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Programs & Services

Do you have prediabetes or diabetes? If so, you are not alone. Nearly half of adults in Iowa have been diagnosed with diabetes or are at high risk of developing type 2 diabetes. 

The good news is that there are ways to prevent or delay diabetes while also reducing the risk of other serious complications, like heart disease, stroke and kidney failure. Iowa HHS and community partners offer low-cost, effective programs to support diabetes prevention and management so Iowans can have a happier, healthier quality of life. 

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Diabetes Prevention

Prediabetes means your blood sugar levels are higher than normal but not high enough to be diagnosed with type 2 diabetes. This condition can persist for years without any noticeable symptoms while you are at risk of developing other serious health conditions like heart disease and stroke.

Do You Have Prediabetes? Take the Quiz.

Learn more about your risk for prediabetes. Take the 7-question Prediabetes Screening Test. Share your score with your doctor and ask about steps you can take to improve your health. 

The test is also available in Spanish and: 

Arabic | Bengali | Chinese (Simplified) | Chinese (Traditional) | French | Haitian Creole | Italian | Japanese | Korean | Polish | Urdu | Yiddish

Risk Factors for Prediabetes

Talk with your doctor about getting your blood sugar tested if you have any of the risk factors for prediabetes, including if you are: 

  • Overweight.
  • Age 45 or older. 
  • Have a parent, brother or sister with type 2 diabetes.
  • Are physically active less than three times a week.
  • Have a history of gestational diabetes (diabetes during pregnancy) or giving birth to a baby weighing more than nine pounds.
  • Have polycystic ovary syndrome.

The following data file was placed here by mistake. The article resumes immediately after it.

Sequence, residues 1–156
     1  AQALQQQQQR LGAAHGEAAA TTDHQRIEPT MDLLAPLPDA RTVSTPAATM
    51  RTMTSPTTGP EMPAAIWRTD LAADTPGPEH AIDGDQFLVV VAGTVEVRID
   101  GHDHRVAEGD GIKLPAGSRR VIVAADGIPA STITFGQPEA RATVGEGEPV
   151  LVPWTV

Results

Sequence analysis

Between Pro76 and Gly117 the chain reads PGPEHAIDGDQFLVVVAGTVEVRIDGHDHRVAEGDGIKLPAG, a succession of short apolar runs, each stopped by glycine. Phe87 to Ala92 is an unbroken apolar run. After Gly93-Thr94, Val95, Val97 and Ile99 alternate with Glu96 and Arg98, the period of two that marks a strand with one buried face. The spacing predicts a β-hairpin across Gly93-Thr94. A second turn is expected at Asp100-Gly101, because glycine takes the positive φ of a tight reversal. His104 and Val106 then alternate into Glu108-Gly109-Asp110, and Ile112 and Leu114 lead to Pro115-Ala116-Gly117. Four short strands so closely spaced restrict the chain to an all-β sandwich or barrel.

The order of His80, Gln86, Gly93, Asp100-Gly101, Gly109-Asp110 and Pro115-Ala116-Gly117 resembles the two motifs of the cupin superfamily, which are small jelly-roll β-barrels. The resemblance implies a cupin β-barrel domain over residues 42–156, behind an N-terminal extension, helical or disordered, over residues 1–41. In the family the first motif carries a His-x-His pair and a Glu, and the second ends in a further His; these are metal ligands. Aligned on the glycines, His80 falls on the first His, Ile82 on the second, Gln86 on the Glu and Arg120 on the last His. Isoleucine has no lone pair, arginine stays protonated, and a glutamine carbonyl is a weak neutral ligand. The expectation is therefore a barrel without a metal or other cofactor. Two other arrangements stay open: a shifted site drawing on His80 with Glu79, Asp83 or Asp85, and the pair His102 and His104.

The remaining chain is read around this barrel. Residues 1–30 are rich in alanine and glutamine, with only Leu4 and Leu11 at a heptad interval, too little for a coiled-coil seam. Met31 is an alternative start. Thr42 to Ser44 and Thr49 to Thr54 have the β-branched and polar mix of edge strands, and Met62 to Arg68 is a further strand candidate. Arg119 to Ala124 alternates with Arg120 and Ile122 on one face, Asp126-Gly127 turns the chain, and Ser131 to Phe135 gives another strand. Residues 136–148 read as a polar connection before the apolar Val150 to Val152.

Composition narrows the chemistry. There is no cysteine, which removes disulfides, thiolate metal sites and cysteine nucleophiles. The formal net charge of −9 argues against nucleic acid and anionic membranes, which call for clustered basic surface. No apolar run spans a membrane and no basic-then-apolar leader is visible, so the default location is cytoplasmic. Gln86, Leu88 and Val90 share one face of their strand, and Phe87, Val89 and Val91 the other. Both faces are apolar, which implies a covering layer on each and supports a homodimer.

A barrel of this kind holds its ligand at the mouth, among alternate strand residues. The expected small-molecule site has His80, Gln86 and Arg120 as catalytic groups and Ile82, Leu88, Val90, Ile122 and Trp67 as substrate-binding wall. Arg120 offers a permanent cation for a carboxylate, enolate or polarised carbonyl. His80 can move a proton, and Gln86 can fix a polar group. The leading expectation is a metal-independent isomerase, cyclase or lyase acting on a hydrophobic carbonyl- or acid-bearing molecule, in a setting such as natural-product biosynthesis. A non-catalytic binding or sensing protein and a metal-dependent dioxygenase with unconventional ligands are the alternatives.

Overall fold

• Are an African American, Hispanic or Latino American, American Indian or Alaskan Native person (some Pacific Islander people and Asian American people also have a higher risk).

Get more information about risk factors for prediabetes, its effects and what you can do to prevent type 2 diabetes. Download this fact sheet, which is also available in Spanish and: 

Arabic | Burmese | Chuukese Farsi | French | Karen | Marshallese | Vietnamese

Lifestyle Change Program

If you want to make healthy changes to prevent type 2 diabetes, a lifestyle change program can offer support to build better habits that can last a lifetime. 

Topics include eating healthy, adding physical activity to your routine, managing stress, staying motivated and solving problems that can get in the way of your goals with the support of: 

  • Lessons, handouts and other resources to help you make healthy changes.
  • A specially trained lifestyle coach to provide education, motivation and engagement. 
  • A support group of people with similar goals and challenges to share ideas, celebrate successes and work to overcome obstacles. 

Talk with your healthcare provider and find more information below. 

Diabetes Prevention for Healthcare Providers